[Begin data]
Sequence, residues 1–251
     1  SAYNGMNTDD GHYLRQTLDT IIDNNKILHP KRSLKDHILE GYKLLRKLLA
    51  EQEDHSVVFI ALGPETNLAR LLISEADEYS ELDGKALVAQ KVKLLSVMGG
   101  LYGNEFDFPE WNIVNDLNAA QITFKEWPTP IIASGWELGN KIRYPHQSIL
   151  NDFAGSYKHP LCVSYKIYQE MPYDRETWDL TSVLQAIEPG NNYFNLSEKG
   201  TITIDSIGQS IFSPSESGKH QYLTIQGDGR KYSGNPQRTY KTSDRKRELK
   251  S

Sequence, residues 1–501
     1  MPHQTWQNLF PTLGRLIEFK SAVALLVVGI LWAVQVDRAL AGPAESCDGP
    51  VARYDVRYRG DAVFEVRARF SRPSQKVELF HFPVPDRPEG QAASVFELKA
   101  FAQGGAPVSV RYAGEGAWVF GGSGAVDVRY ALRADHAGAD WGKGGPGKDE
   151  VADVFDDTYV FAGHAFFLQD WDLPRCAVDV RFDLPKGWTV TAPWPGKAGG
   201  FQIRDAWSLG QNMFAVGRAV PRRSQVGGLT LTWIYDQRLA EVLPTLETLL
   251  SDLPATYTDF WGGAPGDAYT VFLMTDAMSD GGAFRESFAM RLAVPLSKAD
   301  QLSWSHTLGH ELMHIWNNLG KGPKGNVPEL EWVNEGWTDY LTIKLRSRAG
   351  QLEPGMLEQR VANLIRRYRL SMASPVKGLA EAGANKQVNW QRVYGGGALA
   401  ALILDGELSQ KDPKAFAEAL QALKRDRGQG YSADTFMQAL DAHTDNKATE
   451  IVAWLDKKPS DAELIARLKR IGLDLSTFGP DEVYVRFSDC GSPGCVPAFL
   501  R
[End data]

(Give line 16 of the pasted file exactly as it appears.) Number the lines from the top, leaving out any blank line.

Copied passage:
   351  QLEPGMLEQR VANLIRRYRL SMASPVKGLA EAGANKQVNW QRVYGGGALA